You have probably already heard about the latest sky-is-falling report involving KDP. An online publication (which shall remain nameless, as it’s well-known for publishing unsubstantiated clickbait, but whose initials are Good Ereader) struck fear into the hearts of many indie authors last week, when it announced that starting February 3rd, Amazon would begin pulling from sale any eBooks reported to have typos or formatting issues.
Actually, KDP has reserved that power unto itself since at least 2010, according to Nate Hoffelder at The Digital Reader. What’s happening now is that Amazon is instituting a two-tier system. Books that are basically unreadable, or are flagrant violations of KDP’s terms of service, will be pulled from sale. Books that include so many errors and/or formatting issues that they detract from the reader’s enjoyment will get a warning message on their listing; Amazon will then contact the publisher (if you’re an indie author, that’s you) with a list of the problems that need to be fixed. Once they’re fixed to the Zon’s specifications, your book will be available for sale again.
Some authors are worried they’ll be targeted by some reader who doesn’t like them, or who doesn’t like their book. While that’s a possibility, John Doppler at Words on Words spoke to a couple of Amazon customer service reps and learned the Zon has actual humans reviewing the complaints. Your antagonist would have to offer up complaints specific enough for the reviewer to check, and egregious enough to pass them on to you. “He’s a horrible person who should never be allowed to earn money from anything he writes” isn’t going to be enough to get your book pulled.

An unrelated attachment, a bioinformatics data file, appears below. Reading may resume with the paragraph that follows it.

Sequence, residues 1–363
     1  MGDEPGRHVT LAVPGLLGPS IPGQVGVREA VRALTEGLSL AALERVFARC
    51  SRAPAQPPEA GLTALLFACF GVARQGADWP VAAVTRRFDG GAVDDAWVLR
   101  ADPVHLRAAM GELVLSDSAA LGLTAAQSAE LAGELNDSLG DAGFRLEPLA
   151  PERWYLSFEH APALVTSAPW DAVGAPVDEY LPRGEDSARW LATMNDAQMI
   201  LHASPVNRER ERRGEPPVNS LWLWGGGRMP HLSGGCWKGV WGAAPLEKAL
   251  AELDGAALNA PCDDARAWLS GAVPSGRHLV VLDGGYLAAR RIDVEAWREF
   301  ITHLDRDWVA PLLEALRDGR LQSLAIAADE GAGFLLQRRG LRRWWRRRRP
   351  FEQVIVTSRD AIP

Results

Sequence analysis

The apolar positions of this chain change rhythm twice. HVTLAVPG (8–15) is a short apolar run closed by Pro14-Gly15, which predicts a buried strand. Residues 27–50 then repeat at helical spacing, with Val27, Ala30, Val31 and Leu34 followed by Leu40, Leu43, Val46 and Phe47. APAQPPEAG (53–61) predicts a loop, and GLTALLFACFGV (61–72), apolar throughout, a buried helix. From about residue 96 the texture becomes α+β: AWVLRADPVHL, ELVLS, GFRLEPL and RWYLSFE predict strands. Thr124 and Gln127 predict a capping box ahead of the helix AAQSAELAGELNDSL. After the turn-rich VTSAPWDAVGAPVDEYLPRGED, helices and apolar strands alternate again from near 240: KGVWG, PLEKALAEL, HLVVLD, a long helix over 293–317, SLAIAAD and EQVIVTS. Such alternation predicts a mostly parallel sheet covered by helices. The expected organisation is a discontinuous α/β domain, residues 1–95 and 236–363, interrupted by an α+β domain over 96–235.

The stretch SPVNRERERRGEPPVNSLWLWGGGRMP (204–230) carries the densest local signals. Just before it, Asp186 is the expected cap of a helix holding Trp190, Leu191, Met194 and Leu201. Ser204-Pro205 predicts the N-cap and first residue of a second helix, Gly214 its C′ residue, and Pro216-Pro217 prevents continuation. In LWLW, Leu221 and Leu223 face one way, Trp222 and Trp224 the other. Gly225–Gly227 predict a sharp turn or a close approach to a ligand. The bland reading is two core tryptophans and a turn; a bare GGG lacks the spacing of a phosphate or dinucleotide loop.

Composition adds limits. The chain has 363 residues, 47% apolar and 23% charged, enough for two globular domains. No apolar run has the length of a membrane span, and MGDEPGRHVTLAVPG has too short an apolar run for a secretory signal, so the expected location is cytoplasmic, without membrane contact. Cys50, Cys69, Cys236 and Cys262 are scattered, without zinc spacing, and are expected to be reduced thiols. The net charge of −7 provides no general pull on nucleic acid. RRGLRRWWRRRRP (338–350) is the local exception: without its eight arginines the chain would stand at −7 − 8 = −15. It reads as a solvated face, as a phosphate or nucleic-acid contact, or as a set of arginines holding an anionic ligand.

Other authors are worried that somebody will flag their made-up words, dialect, or un-American spelling. On the KDP page listing the things for which it will pull your book from sale, KDP specifically states: “Sometimes improper or dialectic spellings are intentionally used by the author. These are not considered errors. Common examples would include character dialogue. Spelling differences which occur between US and British English are not considered errors.” So if you’re a British author who’s worried some American will complain to Amazon about your extra “u”s, be assured that alone won’t be enough to get an error warning slapped on your book listing.
Really, though, authors and publishers can avoid much of the risk of having Amazon pull your book by using common sense when a book is first uploaded to KDP. Look at the book in the previewer (you have many options): Has KDP’s bot flagged a lot of typos? Are you seeing gibberish in places (a clear sign that you’ve used a special character that KDP’s converter can’t read)? Did you manage somehow to italicize a whole section or chapter (an indication that your formatter forgot to close an HTML tag)? Have you cut-and-pasted graphics, instead of using Word’s Insert function? Did you forget to replace links to your books on Smashwords (or D2D or – horrors! – iBooks) with Amazon links?
We’ll be keeping an eye on this. If you’ve had a recent run-in with Amazon over this new policy, please let us know in the comments.